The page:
Redshirt Leaders Indicted for 2009 Protest

Soldiers deployed in a line to face off with Redshirt protesters on April 13, 2009, in Bangkok

BANGKOK — Prosecutors on Monday indicted nine Redshirt leaders on charges of insurrection for leading an anti-government protest nearly a decade ago.

The indictment accused the group of inciting unrest and an open rebellion against the government of Abhisit Vejjajiva in a April 2009 protest, which saw parts of Bangkok occupied for several days. One Redshirt leader named in the indictment said he’s surprised the authorities are pursuing the case after years of silence.

“Of course I am surprised,” Weng Tojirakarn said in an interview. “They questioned me time to time [after the protests], but the matter went completely quiet. Since May and June 2009, they never summoned me again. There was nothing since.”

Weng accused the junta of engineering the indictment as a means to take revenge against his movement.

“Why does it happen in the NCPO era?” Weng said, referring to the junta’s formal name, National Council for Peace and Order. “This means the NCPO has such a devotion in bullying us. Did they carry their vengeance for us from our past lives?”

Weng and eight others were charged with insurrection, inciting illegal acts and violating the emergency decree that banned public protests.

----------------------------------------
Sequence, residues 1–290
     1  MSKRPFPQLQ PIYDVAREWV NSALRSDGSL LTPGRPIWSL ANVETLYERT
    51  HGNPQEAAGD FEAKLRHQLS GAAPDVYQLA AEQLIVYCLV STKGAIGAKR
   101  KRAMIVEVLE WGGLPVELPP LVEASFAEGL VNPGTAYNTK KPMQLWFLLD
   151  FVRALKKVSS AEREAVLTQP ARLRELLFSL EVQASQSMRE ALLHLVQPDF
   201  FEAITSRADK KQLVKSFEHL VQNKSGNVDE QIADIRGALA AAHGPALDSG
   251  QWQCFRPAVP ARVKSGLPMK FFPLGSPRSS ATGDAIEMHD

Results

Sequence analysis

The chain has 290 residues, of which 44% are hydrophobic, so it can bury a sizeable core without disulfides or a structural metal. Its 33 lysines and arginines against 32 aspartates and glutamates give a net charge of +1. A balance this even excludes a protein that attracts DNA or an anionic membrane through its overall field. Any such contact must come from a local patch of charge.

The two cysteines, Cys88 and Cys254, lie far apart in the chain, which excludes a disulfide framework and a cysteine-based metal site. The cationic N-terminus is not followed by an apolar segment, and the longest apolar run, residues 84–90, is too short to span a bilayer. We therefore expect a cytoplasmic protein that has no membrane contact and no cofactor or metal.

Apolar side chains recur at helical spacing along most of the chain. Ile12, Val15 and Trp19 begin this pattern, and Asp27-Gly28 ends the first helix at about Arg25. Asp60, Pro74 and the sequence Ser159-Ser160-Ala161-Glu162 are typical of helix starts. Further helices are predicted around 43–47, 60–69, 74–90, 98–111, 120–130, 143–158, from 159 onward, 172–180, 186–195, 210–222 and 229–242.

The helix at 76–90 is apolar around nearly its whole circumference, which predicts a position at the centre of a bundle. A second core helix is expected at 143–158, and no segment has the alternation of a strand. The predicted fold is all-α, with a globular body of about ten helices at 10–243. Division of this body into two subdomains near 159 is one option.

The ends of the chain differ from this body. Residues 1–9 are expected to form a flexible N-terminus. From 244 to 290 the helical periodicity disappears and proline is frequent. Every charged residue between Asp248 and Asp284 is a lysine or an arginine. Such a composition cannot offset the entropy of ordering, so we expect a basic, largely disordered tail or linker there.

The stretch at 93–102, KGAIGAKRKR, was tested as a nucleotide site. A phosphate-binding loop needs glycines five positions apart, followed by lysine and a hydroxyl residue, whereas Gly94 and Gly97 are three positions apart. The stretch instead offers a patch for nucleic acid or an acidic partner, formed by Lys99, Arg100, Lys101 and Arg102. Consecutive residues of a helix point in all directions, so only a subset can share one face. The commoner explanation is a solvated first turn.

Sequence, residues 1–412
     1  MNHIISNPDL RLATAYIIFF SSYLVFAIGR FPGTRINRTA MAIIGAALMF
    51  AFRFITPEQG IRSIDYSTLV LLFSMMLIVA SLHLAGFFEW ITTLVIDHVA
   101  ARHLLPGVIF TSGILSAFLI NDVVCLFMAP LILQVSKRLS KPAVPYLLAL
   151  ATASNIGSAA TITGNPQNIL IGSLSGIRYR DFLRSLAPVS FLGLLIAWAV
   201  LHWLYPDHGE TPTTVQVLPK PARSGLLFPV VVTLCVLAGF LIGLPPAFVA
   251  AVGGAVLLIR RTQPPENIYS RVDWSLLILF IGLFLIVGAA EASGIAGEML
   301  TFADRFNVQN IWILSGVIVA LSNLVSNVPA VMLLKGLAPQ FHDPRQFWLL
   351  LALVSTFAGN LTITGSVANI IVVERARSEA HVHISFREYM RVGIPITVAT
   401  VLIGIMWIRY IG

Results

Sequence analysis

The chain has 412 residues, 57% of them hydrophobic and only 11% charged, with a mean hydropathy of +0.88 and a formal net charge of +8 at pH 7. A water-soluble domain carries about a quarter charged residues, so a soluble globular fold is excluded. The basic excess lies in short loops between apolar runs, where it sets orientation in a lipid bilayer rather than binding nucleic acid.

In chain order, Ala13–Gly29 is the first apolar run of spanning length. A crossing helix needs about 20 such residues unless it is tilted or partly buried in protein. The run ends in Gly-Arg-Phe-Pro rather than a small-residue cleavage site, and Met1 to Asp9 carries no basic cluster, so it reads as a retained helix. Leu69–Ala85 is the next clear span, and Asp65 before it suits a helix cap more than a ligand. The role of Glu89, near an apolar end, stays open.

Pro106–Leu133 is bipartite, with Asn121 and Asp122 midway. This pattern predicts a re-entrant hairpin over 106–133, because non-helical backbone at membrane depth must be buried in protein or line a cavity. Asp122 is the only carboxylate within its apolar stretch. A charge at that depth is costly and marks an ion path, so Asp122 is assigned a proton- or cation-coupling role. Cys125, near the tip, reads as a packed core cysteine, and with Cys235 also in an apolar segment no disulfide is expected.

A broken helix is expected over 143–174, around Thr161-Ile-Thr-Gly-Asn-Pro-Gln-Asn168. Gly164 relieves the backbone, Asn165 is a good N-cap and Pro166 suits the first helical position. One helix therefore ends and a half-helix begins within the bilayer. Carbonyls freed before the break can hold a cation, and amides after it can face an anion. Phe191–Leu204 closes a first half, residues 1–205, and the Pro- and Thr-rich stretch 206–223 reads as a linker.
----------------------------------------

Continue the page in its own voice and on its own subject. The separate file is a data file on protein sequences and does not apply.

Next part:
In April 2009 tens of thousands of Redshirt protesters flooded the streets of Bangkok to demand Abhisit dissolve the parliament.

After several clashes with security forces – including an incident in which demonstrators mobbed and attacked Abhisit’s motorcade – the government declared an emergency situation and ordered soldiers to disperse the protesters on April 13.

On April 14, as the soldiers surrounded their main encampment in front of the Government House, the Redshirts called off the protest and the demonstrators were allowed to leave. Another bigger Redshirt protest broke out a year later, resulting in more than 90 deaths.

Weng said he and other leaders will contest the charges because he believed they did nothing wrong.

“We didn’t do anything illegal at all,” the Redshirt leader said. “We were protesting in our areas. We never marched out anywhere.”

The nine are scheduled to appear before the court tomorrow.